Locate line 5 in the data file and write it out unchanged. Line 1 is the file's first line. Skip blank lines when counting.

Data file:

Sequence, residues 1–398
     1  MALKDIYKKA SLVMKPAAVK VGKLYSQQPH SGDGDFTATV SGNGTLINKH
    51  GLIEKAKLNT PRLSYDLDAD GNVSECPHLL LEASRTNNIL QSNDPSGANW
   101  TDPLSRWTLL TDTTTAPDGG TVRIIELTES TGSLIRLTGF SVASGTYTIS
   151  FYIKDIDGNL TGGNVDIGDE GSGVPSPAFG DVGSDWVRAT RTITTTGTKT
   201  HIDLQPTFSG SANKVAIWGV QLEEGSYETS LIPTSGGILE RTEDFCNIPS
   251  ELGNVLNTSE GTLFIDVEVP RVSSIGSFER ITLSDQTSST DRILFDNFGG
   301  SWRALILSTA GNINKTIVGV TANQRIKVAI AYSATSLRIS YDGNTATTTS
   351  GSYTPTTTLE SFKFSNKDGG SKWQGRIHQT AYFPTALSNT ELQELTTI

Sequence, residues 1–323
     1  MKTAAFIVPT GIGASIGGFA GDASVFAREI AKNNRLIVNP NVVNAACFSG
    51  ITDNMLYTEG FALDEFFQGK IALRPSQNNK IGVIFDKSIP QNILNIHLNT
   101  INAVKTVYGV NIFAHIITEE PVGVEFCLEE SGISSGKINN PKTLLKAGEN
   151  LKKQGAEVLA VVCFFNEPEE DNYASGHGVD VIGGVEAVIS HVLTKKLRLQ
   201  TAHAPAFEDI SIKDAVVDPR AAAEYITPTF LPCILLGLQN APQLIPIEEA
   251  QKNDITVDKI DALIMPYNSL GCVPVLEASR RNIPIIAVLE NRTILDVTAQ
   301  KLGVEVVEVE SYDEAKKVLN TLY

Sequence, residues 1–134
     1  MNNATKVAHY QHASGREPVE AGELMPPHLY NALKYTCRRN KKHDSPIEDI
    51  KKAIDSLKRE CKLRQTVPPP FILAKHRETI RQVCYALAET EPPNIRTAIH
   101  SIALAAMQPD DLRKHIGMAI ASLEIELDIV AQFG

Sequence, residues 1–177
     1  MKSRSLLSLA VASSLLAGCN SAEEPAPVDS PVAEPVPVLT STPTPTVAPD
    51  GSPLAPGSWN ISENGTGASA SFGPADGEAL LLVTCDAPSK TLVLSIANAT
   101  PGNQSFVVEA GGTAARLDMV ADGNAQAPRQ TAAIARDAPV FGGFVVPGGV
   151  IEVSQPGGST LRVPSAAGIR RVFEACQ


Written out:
   151  FYIKDIDGNL TGGNVDIGDE GSGVPSPAFG DVGSDWVRAT RTITTTGTKT